Messages of outrage and support are pouring in from all corners of the globe after writer Salman Rushdie was stabbed at an upstate New York venue where he was due to speak Friday.
The Indian-born British author, who has received death threats for his 1988 book, “The Satanic Verses,” is on a ventilator after being stabbed at least twice, including once in the liver. He’s expected to lose one eye, according to his agent.
UK Prime Minister Boris Johnson said in a tweet that he was “appalled” by the incident and expressed support for Rushdie’s recovery.
“Appalled that Sir Salman Rushdie has been stabbed while exercising a right we should never cease to defend. Right now my thoughts are with his loved ones. We are all hoping he is okay,” Johnson said Friday.
US President Joe Biden said in a Saturday statement: “Salman Rushdie – with his insight into humanity, with his unmatched sense for story, with his refusal to be intimidated or silenced – stands for essential, universal ideals. Truth. Courage. Resilience. The ability to share ideas without fear. These are the building blocks of any free and open society.”
French President Emmanuel Macron also tweeted his support for Rushdie following the attack.
“[For] 33 years, Salman Rushdie has embodied freedom and the fight against obscurantism. He has just been the victim of a cowardly attack by the forces of hatred and barbarism. His fight is our fight; it is universal. Now more than ever, we stand by his side,” Macron said.
Australian Prime Minister Anthony Albanese also condemned the attack, calling it “sickening and cowardly.”
“This senseless violence against a celebrated author is also an assault on global freedom of expression and deserves unequivocal condemnation. May he have a full recovery,” Albanese added.
The 75-year-old novelist – the son of a successful Muslim businessman in India – was educated in England, first at Rugby School and later at the University of Cambridge where he received an MA degree in history.
He later spent a decade under British protection after his fourth novel, “The Satanic Verses,” prompted the supreme leader of Iran Ayatollah Ruhollah Khomeini to issue a religious decree, or fatwa, calling for his death.
The bounty against Rushdie has never been lifted, however in 1998 the Iranian government sought to distance itself from the fatwa by pledging not to seek to carry it out.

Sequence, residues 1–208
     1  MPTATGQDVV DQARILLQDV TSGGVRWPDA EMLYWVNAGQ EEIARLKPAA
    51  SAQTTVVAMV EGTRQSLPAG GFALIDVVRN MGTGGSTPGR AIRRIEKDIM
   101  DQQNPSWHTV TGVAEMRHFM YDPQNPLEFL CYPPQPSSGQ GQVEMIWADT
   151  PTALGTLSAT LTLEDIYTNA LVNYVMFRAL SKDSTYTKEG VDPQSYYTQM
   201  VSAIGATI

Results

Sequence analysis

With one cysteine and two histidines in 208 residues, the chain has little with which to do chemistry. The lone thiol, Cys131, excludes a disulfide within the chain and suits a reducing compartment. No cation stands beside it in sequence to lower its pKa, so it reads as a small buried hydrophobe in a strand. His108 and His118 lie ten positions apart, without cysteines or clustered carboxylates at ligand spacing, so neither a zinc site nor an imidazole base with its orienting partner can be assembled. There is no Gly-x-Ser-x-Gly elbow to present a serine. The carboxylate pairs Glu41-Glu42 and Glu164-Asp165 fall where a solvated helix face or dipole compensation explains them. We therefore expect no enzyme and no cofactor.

But in February 2017, Iran’s Supreme Leader Ayatollah Ali Khamenei reaffirmed the religious edict.
And in 2019, Khamenei tweeted that said Khomeini’s fatwa against Rushdie was “solid and irrevocable,” prompting Twitter to place a restriction on his account.
Iranian-born German politician Bijan Djir-Sarai blamed the Iranian government for the attack, saying in a Friday tweet: “The Iranian mullahs’ regime is also responsible for this cowardly attack. Anyone who wants normal relations with this regime should know this.”
The suspect in the attack has been identified as Hadi Matar from Fairview, New Jersey. There has not yet been any official reaction from Iran to the attack.
However, several hardline Iranian newspapers poured praise on Matar on Saturday, including the conservative Kayhan newspaper, whose editor-in-chief is appointed by Khamenei.
“A thousand bravos, a hundred God blesses. His hand must be kissed… Bravo to the warrior and dutiful man who attacked the Apostate and wicked Salman Rushdie. The hand of the warrior must be kissed. He tore the vein of Rushdie’s neck,” the paper said.
Another hardline newspaper, Khorasan, published a headline, “The Devil on the Path to Hell” while showing a picture of Rushdie on a stretcher.
The news has rattled authors from across South Asia and the diaspora, including Bangladeshi author Taslima Nasreen, who said she was “shocked” by the news.
“I never thought it would happen. He has been living in the West, and he has been protected since 1989,” said Nasreen, who is known for her writings on women’s oppression, and who has had some of her books banned in Bangladesh.
“If he is attacked, anyone who is critical of Islam can be attacked. I am worried,” she said.
Aatish Taseer, a British-American writer and journalist who had his Overseas Citizen of India (OCI) card – a form of permanent residency available to people of Indian origin – revoked by Prime Minister Narendra Modi in 2019, said that he was “devastated” by the news.
“Devastated by the news about @SalmanRushdie. He was the first writer I ever met and his determination to defend his freedom (and that of others) in the face of religious extremism has been a constant inspiration. I know he will be ok. He has to be,” Taseer said.
American writers and organizations have also been left reeling from the attack. Rushdie has been living in the United States in recent years.
Press Freedom group PEN America said in a Friday statement that the organization “is reeling from shock and horror” after Friday’s attack.
“We can think of no comparable incident of a public attack on a literary writer on American soil,” said CEO Suzanne Nossel.
“Salman Rushdie has been targeted for his words for decades but has never flinched nor faltered,” Nossel said. “He has devoted tireless energy to assisting others who are vulnerable and menaced.”
Nossel also said that hours before the attack Rushdie had emailed her asking for help in finding safe refuge for “Ukrainian writers in need of safe refuge from the grave perils they face.”
CNN’s Eyad Kourdi, Jake Kwon, Alex Stambaugh, Jonny Hallam and Ramin Moshtaghian contributed reporting.